With all the fuss over the Snowy Owl(s), another recent arrival has gotten short shrift.
A Eurasian Green-winged Teal (Common Teal) is in the tidal impoundment across the parking lot from the new science building and observatory in DeKorte Park in Lyndhurst.
He has been a regular winter visitor for roughly a decade, and you typically can get great views of him when the tide is low…
More on the Eurasian Green-winged Teal here.
To calculate the tides at the DeKorte tidal impoundments, click here, look up Hackensack River, Amtrak RR, swing bridge, punch in the appropriate information — then add roughly 90 minutes… Alas, low tides for the next couple of days appear to be just before dawn and after sunset…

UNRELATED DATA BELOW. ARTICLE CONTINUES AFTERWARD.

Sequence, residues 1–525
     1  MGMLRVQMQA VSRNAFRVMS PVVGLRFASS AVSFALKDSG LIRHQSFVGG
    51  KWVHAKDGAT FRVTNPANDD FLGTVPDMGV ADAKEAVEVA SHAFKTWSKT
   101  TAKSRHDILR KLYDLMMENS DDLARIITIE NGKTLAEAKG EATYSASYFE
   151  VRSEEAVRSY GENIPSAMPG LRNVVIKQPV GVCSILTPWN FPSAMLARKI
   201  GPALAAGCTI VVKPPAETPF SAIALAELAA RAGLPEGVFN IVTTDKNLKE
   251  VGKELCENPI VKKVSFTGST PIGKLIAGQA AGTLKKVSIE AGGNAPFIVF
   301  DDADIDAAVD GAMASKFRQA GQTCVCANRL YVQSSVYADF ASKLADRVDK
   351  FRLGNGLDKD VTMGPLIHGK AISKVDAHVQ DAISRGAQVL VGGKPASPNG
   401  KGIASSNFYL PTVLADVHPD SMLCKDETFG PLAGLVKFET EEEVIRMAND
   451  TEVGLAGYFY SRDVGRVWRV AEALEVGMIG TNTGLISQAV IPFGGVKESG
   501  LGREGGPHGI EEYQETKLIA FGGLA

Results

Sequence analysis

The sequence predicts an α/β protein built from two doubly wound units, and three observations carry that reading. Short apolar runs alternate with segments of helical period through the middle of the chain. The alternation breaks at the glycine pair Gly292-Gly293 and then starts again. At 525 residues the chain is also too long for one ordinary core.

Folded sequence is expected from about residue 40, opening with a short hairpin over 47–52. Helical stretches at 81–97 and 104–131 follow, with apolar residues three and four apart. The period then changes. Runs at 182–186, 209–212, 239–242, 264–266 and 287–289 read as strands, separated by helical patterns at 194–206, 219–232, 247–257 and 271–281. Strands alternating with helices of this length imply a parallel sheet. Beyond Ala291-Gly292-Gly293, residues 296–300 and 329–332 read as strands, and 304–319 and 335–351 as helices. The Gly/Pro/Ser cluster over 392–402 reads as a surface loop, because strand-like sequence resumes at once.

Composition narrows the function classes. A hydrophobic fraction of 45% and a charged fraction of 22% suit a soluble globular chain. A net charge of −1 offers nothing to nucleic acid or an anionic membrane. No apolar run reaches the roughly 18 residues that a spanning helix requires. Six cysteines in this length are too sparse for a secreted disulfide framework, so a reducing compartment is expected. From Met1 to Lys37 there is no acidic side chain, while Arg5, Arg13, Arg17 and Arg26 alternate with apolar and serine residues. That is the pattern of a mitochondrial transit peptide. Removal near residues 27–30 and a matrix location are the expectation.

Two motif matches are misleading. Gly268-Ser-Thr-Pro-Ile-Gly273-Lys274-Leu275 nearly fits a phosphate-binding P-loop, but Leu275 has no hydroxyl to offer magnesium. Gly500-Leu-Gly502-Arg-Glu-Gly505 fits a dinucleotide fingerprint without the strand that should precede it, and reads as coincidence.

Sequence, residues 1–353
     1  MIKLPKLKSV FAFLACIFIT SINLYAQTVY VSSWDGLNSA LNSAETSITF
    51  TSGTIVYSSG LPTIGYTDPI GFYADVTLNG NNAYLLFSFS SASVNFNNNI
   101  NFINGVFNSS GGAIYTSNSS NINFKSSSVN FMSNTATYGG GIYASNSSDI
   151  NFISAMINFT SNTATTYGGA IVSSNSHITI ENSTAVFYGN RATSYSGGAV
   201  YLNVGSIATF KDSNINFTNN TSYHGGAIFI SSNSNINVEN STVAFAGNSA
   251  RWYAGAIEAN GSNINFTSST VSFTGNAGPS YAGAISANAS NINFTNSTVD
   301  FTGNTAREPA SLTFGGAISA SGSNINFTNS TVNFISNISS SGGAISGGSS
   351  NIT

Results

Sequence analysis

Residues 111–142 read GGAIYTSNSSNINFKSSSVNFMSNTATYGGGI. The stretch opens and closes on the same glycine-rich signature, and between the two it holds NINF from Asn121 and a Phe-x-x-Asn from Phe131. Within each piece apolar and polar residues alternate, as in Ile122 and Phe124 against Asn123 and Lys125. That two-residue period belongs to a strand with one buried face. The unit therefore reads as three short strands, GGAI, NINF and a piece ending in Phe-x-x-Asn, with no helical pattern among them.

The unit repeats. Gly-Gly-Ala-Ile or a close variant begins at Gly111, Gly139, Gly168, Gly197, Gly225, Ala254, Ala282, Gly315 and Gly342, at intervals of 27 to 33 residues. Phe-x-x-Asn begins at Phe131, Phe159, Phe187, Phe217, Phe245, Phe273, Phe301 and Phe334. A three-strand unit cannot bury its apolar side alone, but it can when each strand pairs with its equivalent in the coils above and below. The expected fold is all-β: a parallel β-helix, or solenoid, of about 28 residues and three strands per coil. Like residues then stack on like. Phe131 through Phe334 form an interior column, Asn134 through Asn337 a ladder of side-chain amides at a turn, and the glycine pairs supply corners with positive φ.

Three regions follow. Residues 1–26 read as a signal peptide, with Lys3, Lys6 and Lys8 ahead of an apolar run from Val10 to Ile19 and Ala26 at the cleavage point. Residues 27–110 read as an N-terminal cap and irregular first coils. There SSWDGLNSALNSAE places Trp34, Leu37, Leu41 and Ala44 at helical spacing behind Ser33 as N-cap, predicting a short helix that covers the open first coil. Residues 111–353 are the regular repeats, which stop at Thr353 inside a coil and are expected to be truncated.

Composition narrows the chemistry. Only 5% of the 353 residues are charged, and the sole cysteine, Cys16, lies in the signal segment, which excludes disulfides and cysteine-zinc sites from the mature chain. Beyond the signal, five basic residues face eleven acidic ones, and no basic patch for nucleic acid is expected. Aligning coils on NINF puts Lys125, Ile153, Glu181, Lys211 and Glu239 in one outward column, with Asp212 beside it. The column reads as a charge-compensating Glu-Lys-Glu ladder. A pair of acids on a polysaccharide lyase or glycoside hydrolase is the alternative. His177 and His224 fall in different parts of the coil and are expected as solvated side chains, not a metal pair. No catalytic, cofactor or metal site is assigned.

Several weeks ago, after a Snowy Owl was seen (and photographed) at Liberty State Park, New Jersey birders got into a lively debate about the wisdom (or lack thereof) of using flash photography when taking pictures of owls.
Now that Snowy Owls have been seen regularly in the Meadowlands, the debate takes on a little more immediacy.
We asked David Johnson, head of the Global Owl Project, for his thoughts.
Here's the word:
"From a biological perspective, I would not think that the camera flash would be much of an issue," says David. "There is lightning where many of the owls live, and such a flash is very short-lived. The focus should not be on the flash, per se, but rather on the general disturbance of people being close to the owl. " …
Click "Continue reading …" for more of David Johnson's comments on photographing owls.